For Immediate Release
Jan 18, 2010

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Controversial development on Oak Ridges Moraine goes to Court


Concerned local residents and conservation groups will be in Ontario Divisional Court today making submissions on a controversial golf course and residential development being proposed on environmentally sensitive lands on the Oak Ridges Moraine in Aurora.

Represented by lawyers from Ecojustice (formerly Sierra Legal Defence Fund), environmental watchdog Earthroots is intervening in the potentially precedent setting case, which will impact how development appeals that impact environmentally sensitive areas are dealt with in Ontario.

“Ontarians have a perception that when legislation was passed to protect the Oak Ridges Moraine, the law would actually protect the Moraine and the precious water resources it holds,” said Earthroots Campaigner Josh Garfinkel. “This case aims to ensure that decision makers with the appropriate experience and expertise adjudicate Moraine and water protection matters.”

The controversial Westhill Development proposes to build an 18 hole golf course and 75-unit residential complex on environmentally sensitive lands near Leslie Street and Bloomington Road in Aurora, Ontario – home to seven provincially significant wetlands and rare and endangered species. A decision on the project was delayed and then, in early 2008, rejected by the local municipal council in the Town of Aurora.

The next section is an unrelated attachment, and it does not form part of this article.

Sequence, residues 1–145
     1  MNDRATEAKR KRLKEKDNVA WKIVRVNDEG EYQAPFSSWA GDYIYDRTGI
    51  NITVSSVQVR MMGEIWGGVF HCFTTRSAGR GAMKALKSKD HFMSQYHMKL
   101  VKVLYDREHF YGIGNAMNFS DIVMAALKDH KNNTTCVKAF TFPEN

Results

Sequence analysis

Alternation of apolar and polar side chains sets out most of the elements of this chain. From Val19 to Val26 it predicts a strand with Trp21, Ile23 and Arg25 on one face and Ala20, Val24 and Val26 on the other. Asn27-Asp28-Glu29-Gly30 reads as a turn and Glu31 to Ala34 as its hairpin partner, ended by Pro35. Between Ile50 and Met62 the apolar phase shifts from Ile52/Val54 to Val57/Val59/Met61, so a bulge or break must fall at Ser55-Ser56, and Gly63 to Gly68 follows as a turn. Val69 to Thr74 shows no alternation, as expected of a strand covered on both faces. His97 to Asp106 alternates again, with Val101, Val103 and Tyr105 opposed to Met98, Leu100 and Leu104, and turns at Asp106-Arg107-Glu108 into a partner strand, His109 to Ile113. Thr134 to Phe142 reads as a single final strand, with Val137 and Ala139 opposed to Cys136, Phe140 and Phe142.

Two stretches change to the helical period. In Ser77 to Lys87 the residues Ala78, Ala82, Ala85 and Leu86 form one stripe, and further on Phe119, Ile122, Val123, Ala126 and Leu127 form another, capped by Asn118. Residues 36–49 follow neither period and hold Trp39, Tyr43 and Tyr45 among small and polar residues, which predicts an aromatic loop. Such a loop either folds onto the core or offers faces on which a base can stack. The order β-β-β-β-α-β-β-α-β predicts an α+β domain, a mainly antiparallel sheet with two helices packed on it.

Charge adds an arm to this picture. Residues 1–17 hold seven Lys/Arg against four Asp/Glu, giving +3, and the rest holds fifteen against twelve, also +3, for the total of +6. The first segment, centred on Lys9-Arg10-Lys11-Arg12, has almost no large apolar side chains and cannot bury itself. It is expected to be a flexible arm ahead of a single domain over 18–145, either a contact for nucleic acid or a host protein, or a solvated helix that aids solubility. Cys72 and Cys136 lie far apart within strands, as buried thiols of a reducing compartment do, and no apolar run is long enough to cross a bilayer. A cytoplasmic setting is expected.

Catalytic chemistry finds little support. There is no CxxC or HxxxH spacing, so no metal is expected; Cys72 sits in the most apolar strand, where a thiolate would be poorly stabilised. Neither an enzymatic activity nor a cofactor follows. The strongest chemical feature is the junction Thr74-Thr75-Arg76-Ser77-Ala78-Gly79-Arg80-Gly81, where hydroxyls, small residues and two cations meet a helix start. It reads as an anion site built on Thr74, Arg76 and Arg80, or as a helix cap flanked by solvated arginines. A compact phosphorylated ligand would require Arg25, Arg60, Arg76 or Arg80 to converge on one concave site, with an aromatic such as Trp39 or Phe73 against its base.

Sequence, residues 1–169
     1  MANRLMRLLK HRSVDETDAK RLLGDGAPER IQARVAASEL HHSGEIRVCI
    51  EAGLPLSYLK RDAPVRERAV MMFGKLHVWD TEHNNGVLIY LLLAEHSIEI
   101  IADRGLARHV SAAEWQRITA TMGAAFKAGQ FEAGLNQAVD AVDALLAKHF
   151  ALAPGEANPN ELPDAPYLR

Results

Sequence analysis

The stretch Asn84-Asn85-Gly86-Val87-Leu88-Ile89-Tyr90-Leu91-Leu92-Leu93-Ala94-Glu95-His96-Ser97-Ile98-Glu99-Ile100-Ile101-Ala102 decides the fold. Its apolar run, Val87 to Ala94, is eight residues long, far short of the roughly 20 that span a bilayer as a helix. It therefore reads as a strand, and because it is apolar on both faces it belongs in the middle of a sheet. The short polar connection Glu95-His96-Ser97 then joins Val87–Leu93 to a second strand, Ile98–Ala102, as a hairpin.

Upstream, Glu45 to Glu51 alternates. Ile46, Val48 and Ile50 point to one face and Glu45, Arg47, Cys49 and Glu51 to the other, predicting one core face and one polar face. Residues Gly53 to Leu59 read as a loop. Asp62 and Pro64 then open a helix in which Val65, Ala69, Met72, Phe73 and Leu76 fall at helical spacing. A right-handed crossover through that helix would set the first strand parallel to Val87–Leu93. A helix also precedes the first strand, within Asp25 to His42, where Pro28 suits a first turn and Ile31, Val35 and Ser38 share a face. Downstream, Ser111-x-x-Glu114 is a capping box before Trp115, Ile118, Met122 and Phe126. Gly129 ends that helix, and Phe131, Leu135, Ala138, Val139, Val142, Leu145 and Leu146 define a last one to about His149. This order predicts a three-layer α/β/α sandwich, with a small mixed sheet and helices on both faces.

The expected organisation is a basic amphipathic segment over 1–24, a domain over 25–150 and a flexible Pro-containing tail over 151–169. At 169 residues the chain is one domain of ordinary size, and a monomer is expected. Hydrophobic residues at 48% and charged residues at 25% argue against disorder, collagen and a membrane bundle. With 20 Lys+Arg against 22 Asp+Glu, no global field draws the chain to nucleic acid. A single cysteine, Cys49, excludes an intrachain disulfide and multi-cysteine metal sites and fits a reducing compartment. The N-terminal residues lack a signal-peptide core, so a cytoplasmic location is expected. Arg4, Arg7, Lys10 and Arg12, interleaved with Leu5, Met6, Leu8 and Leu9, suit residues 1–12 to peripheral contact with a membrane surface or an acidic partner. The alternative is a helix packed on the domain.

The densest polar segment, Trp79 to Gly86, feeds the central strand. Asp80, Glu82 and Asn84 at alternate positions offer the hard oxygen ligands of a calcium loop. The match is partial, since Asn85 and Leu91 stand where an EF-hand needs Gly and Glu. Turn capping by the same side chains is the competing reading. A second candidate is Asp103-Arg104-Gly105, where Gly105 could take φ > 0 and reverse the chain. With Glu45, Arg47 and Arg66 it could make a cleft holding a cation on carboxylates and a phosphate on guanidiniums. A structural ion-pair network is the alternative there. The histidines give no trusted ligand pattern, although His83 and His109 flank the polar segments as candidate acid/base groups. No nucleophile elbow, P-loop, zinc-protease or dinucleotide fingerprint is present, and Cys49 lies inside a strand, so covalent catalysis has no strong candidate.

The developer appealed the matter to the Ontario Municipal Board (OMB). The issue to be addressed before the Court is whether the appeal should be heard before the OMB alone or by a joint panel of the OMB and the Ontario Environmental Review Tribunal, to ensure that both development and environment issues relating to the case are addressed in a coherent manner.

“A consolidated hearing through a joint board is an important means to ensure our environmental laws are properly applied and to provide opportunities for public participation and access to justice in appeals that raise both environment and development-related issues’, said Ecojustice lawyer Hugh Wilkins.

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